When he drives a hitch, he’s still got the itch. And that’s why Brian Coleman’s third career win on Sunday afternoon at the Calgary Stampede’s World Champion Six Horse Hitch Competition doesn’t feel old hat at all.
“I don’t think it ever could get old,” said Coleman, of Didsbury, Alta., the trainer and driver for the Jackson Fork Ranch outfit from Bondurant, Wyo. “To have a crowd like that in (the Pengrowth Saddledome), and the (Calgary Philharmonic) Orchestra, and the level of competition . . . pretty exciting. I can’t put it into words.”
Coleman also drove the Strawberry Lane Percherons rig of Oconomowoc, Wisc., to victory at the Stampede in 2002 and 2004.
Relative newcomers to the scene, the Jackson Fork Ranch crew snared their first World Six championship – and $10,000 winner’s cheque – against one of the toughest fields in event history on Sunday. Not only did the World Champion Six Horse Hitch Competition field 15 rigs, matching the most ever, but for the first time in most committee organizers’ memory, five wagons were called back to the Saddledome infield for a drive-off.
When the smoke cleared, Coleman’s Jackson Fork Ranch rig was declared the winner, while the Prins View Belgians of Fort Saskatchewan, Alta., driven by Zephrin LaRiviere, were runners-up. Also in that drive-off were the Mark Messenger Memorial Hitch of Cheyenne, Wyo., the McLaughlin Clydes of Listowel, Ont., and the Rocky Bar Belgians of Esterhazy, Sask.
The Jackson Fork team of jet-black Percherons is also the first mare hitch to win the World Six, the highlight of the Stampede’s annual Heavy Horse Show.
“I would say that this year’s field equalled or bettered the quality of six-horse hitches that we’ve ever had here,” said Jess Debnam, past president of the Stampede’s Heavy Horse Show committee. “That’s what this show does. People want to come to Calgary to compete, but they also come here because it is the Calgary Stampede, and they know the quality and level of competition is going to be equal to, or better than, any other show they go to.”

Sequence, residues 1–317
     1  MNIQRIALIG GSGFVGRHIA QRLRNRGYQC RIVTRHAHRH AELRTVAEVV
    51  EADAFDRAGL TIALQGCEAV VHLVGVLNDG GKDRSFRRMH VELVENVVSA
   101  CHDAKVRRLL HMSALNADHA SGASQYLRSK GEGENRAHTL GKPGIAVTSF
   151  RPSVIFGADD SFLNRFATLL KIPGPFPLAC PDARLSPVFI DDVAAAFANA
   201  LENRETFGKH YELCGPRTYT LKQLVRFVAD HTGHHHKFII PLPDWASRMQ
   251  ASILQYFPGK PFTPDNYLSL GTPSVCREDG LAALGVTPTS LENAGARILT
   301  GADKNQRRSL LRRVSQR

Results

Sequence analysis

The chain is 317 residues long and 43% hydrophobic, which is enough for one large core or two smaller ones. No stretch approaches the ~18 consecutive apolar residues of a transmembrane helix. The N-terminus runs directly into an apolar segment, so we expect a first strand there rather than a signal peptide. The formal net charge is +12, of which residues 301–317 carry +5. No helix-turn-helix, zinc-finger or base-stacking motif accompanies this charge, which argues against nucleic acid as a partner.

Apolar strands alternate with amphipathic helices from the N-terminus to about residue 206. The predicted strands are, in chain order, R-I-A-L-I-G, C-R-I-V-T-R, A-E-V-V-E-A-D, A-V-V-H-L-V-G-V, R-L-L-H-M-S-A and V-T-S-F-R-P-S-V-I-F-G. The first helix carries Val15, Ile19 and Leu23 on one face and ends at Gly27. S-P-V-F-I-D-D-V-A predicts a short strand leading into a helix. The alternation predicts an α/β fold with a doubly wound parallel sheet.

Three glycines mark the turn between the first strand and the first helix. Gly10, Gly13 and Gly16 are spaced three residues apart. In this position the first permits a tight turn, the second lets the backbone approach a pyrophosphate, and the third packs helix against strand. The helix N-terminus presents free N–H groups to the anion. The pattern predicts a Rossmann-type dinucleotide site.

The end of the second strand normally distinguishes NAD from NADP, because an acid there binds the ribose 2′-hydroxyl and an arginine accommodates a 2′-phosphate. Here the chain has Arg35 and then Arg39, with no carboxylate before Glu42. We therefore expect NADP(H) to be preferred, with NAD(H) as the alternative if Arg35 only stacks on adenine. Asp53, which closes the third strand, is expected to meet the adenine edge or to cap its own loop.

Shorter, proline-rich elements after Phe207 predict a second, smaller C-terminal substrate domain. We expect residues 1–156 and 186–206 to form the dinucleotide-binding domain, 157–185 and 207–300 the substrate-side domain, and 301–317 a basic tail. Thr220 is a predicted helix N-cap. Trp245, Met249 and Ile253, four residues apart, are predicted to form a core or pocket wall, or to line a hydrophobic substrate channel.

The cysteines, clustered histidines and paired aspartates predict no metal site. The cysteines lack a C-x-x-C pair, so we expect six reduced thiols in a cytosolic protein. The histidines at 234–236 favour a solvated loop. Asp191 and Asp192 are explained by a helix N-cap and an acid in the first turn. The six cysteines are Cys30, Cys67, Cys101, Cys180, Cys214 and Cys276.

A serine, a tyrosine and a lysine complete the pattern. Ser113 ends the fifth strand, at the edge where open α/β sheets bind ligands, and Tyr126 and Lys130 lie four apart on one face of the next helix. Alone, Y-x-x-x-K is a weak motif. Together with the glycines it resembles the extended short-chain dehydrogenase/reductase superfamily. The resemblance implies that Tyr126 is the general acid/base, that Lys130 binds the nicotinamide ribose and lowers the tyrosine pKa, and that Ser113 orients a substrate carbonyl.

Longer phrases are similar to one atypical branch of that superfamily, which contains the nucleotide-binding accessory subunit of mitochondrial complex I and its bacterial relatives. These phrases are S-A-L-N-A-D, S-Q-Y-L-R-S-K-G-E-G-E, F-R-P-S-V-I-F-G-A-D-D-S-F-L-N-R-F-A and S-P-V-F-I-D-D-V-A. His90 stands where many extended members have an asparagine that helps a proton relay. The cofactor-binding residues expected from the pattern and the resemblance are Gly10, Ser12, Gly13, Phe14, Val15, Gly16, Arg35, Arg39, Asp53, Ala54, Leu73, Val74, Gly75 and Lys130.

A panel of three judges rated Sunday’s 15 entries for conformation, presentation, driving and reinsmanship.
For the 11th straight year, Sunday’s Six Horse Hitch competition was accompanied by live music, courtesy of a full 38-member orchestra of musicians from the CPO, led by its new resident conductor, Melanie Leonard. Musical highlights included Rossini’s William Tell Overture, Strauss’s Radetzky March, Offenbach’s Can Can, Dvorak’s Slavonic Dances, and Bizet’s Les Toreadors.
The Jackson Fork Ranch folks only began showing hitches last year across the American midwest, and Sunday’s World Six was only the second show at which they’ve fielded a six – last weekend in Olds, Alta., being the first.
“We scoped a lot of top sales in the States, and knew individual breeders who had great animals available,” said Coleman. “I’ve got training programs set up for them . . . we have days where we work slow and heavy, and days where we’ll do cardio – lighter weights and longer distances.
“And we actually had two spares in today, because of a couple of injuries that left us without our most experienced players, so to speak. You have to be able to go to your back-up players. To have them come out and perform, they have to be at an equal conditioning level. You can’t leave them on the back burner, so to speak.”
The seeds of the Jackson Fork Ranch championship, in fact, were sown a year ago at the 2009 Stampede.
“The fellow who owns the hitch at Jackson Fork Ranch (J. Joseph Ricketts) was here last year. He’s a Percheron enthusiast, loves draft horses in a big way,” said Debnam. “He went home from Calgary, started putting animals and people together, and the culmination is a World Six Horse Hitch championship.”
The Stampede’s Heavy Horse Show sees Belgians, Clydesdales, Percherons and Shires competing in more than 100 classes over four days. The affair wraps up on Monday, July 12, with breed Supreme Champions and the overall best in show crowned at 11 a.m. in the Saddledome. Classes include cart-drawn single horses, two-horse teams, three-horse unicorn hitches, and four- and six-horse hitches.
This year, entries have arrived from as far away as Eastern Canada, the American East Coast, the U.S. heartland, and the U.S. Pacific northwest, giving the Stampede’s Heavy Horse Show a true coast-to-coast flavour.
Heavy horses have been part of Calgary’s annual agricultural fair for 125 years, dating back to the Stampede’s predecessor, the Calgary Industrial Exhibition. They’re the longest-running agricultural component of the Stampede and its predecessors, and the only livestock class consistently presented throughout that period.